Bilingualism as a basic human right for deaf children in education
PRESS RELEASE – Bilingual education is the only way for deaf children to gain equal opportunities and allowing them to become full citizens in their own right. This was the final conclusion from the sign language conference in Ål, Norway, organised jointly by the World Federation of the Deaf (WFD), the European Union of the Deaf (EUD), and Ål Experiential College.
Becoming bilingual in the national sign language and the written language of one’s country of residence is a fundamental right for deaf children. National sign languages are the mother tongues of deaf people and the only language they can acquire fully and effortlessly. To function in society it is essential for deaf children to become proficient in the respective (written) language of the country. Therefore, meaningful bilingualism must be ensured in education as early as possible and throughout the course of the whole educational path, including Lifelong Learning programmes.
WFD and EUD strongly urge stakeholders in education to take under consideration the unique needs of deaf children by supporting their sign language acquisition as well as the learning of the national (written) language. WFD and EUD call upon national and regional governments to take under consideration the Brussels Declaration of 19 November 2010, which postulates the rights of Deaf and Hard of Hearing sign language users to learn a sign language and learn and study bilingually. Considering that the Declaration was included in the European Parliament report on the Mobility of Persons with Disabilities, which was adopted by the European Parliament on 25 October 2011, WFD and EUD request policymakers to take positive action to ensure deaf children can become fully bilingual and therefore full and equal citizens.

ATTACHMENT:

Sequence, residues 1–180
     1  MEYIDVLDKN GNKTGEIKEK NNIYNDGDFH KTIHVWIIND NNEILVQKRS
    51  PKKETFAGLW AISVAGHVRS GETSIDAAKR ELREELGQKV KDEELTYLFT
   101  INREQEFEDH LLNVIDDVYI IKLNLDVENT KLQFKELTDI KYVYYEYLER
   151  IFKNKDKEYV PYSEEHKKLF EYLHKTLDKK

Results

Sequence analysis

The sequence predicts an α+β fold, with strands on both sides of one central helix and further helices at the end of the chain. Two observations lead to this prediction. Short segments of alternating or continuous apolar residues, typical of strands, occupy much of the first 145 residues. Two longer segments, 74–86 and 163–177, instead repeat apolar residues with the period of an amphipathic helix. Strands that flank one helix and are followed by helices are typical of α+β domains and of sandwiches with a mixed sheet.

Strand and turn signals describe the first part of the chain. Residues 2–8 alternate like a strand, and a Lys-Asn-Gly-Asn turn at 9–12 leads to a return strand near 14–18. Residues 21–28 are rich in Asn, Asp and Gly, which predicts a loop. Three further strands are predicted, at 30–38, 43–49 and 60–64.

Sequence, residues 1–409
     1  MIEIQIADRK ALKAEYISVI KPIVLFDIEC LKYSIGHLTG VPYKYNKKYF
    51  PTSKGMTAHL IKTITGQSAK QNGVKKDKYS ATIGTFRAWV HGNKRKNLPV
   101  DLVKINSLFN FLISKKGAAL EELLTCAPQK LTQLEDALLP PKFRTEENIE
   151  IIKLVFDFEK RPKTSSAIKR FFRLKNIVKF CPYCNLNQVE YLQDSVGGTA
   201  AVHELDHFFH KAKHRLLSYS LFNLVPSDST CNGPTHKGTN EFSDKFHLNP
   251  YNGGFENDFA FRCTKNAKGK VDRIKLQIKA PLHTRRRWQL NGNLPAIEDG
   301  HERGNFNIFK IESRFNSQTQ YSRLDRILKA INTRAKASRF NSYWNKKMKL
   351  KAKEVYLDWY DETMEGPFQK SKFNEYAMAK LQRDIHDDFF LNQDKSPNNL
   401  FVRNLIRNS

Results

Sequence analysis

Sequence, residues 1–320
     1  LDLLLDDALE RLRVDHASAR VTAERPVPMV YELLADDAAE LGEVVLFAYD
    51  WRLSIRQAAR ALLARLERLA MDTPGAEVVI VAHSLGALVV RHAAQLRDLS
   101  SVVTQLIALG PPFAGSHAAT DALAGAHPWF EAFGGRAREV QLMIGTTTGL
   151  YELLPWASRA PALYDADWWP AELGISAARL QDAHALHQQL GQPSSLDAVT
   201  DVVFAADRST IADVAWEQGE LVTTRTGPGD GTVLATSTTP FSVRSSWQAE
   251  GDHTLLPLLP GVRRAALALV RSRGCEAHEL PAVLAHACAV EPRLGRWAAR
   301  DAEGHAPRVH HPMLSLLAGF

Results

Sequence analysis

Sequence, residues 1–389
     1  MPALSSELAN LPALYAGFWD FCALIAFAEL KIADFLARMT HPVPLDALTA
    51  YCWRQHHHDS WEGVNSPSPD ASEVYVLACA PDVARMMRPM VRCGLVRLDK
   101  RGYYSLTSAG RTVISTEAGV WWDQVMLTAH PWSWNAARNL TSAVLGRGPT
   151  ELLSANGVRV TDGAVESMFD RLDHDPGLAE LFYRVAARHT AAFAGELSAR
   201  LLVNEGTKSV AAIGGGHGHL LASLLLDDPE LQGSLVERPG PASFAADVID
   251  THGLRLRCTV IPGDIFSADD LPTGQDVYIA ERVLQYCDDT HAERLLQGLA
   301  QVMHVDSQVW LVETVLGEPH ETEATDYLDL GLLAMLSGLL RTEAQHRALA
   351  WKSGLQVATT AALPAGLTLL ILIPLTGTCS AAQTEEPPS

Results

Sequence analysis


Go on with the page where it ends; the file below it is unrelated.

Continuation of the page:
The international conference in Ål, which brought together stakeholders from the Deaf Community, academia, and the educational sector, underlines these demands. Dr Hauser from the Rochester Institute of Technology (USA) presented research showing that there is no evidence learning a sign language interfered with the learning of a second language.
WFD and EUD are concerned that the recognition of sign languages does not have the desired effect in practice. The Finnish government has recognised sign language at constitutional level but as the Director of the Development Department of the Finnish Association of the Deaf pointed out, “the legal obligation does not necessarily guarantee the realisation of linguistic rights in practice”.
WFD and EUD therefore call upon policymakers and national as well as regional stakeholders to not only legally recognise the national sign languages of the world but also ensure that in practice deaf children are educated in a bilingual environment, facilitating the acquisition of the national sign language and Deaf culture.
The PDF version of the press release can be found here.
For further information please contact:
World Federation of the Deaf
Ms Heidi Maria Helenius, WFD Liaison Officer +358 50 4388 370, www.wfdeaf.org
Eiropas Nedzirdīgo savienība
Mr Lars Knudsen, EUD Communication & Media Officer, [email protected], www.eud.eu